(Editorial aside: Not to wade into the gun-rights debate, but if Mrs. W really was “tormented” by victims of gun deaths, wouldn’t it have been a better use of her wealth to, say, to divest from the family business or at least use the money as recompense? Just asking.)
Except for a small “Firearms Museum” tucked into the central courtyard, not much is made of the source of Mrs. W’s vast wealth. However, occasional sport is made of the widow’s eccentricities. How could you not? After all, it’s the raison d’être of the place.
Our group tittered and gasped at the endless design quirks: the cabinets that open onto walls; the stairways leading to the ceiling or a stark drop-off; the narrow hallways and low ceilings (Mrs. W was 4-foot-10); the 13 bathrooms with 13 windows (Mrs. W, no triskaidekaphobe, believed the number 13 was lucky); the 24,000 square feet of space so easy to get lost in. Docent Jack played up the mazelike aspect, cautioning that if we strayed we may “Never. Be heard from. Again.” He amused us with directions such as: “We’re going to take 44 stairs, make seven complete turns, travel a little over 100 feet only to rise 9 feet above us.”
Jack showed the utmost respect for Mrs. W, except when he didn’t. One such example was when we stepped into the “Seance Room,” where she “received building plans for the mansion from the spirits and hand them to the construction foreman the next morning.” Jack pointed to the windows in one corner, which overlooks one of the six kitchens. He said Mrs. W cracked the windows and listened in to her servants’ chatter.
“If she heard you were talking about her as the short woman not playing with a full deck, chances are you weren’t going to work there the next day,” he said.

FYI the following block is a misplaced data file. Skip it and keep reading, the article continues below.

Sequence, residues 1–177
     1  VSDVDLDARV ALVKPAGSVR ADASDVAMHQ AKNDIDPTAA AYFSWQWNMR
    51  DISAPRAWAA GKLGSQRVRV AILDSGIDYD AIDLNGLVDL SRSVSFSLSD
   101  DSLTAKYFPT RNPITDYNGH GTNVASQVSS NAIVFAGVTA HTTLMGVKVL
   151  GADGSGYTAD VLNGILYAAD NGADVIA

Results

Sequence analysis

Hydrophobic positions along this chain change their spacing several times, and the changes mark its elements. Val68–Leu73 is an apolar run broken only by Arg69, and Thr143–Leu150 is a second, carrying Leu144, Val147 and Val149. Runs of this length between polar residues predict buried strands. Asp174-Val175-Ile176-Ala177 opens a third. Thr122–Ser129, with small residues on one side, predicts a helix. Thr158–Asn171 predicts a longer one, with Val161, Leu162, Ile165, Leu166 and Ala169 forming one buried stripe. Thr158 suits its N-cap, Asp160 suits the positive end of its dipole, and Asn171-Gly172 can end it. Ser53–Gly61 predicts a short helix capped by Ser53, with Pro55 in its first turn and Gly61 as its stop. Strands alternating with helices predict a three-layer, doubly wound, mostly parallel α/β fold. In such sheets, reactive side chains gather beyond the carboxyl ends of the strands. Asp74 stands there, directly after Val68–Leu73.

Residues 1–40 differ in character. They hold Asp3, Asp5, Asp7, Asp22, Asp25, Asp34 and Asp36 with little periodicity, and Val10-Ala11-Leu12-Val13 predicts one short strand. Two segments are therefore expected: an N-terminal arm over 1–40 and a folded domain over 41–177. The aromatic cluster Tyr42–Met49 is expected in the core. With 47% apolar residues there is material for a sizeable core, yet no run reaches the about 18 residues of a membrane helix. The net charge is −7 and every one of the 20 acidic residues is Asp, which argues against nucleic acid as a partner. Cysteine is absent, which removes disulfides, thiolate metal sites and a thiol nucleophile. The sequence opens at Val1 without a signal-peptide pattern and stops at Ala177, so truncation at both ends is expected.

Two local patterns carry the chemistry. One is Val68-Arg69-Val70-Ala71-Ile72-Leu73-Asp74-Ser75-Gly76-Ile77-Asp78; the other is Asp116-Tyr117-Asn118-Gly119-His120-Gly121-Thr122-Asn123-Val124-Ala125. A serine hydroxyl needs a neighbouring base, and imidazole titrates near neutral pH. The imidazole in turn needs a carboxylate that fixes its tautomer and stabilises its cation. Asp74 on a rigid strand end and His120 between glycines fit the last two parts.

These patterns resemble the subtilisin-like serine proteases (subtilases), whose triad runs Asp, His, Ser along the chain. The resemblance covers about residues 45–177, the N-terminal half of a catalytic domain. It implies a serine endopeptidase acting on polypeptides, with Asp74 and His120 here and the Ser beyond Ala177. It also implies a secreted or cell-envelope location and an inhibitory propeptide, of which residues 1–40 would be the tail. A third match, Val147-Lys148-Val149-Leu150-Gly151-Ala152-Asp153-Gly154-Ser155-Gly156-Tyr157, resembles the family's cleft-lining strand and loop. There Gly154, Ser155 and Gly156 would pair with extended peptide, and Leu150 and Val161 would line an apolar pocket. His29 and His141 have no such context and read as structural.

Jack hastened to add that Mrs. W was very generous to her staff, paid them above market rate and provided free room and board (she definitely had the room, after all).
Yet, there were plenty of signs that she, indeed, may have been a 10-of-clubs shy of a full deck.
We were shown the Daisy Bedroom, where Mrs. W was trapped during the 1906 earthquake.
“She took this event as a literal sign from the spirits that she has spent too much money on the front of the house and it was almost near completion and she was never supposed to complete anything,” Jacks said. “So she had the front 30 rooms boarded up, and they were never used again until after her death.”
We also were shown the Grand Ballroom, with two cryptic quotes from Shakespeare etched into the Tiffany windows: “Wide unclasp the table of their thoughts,” and “These same thoughts people this little world.” Jack gave an exaggerated shrug, didn’t try to discern meaning from these lines from “Troilus and Cressida” and “Richard II,” respectfully. Instead, he pointed to an ornate wood door.
“Behind that door is a door almost the same size, then a steel door,” he said. “Open that door and behind it is a very large safe. Open the safe door and you’ll find yet another safe. The only thing they found in the safe were two locks of hair and the obit notices from her husband and daughter’s funerals. She was truly in mourning for the rest of her life.”
The Mystery House, therefore, is nothing less than the world’s most elaborate self-built crypt.
Winchester Mystery House
Where: 525 South Winchester Blvd., San Jose
Hours: 9 a.m.-5 p.m., daily
Cost: Mansion tour: $36; $32 (seniors); $26 children
Bay Area historic mansions
The Bay Area is known as a haven of “new money,” with high-tech billionaires building lavish manses. But there’s a long history of rich people building trophy houses. “Discoveries” has visited three historic dwellings.
Oct. 25: Filoli in Woodside
Nov. 1: Pardee Home in Oakland
Today: Winchester Mystery House in San Jose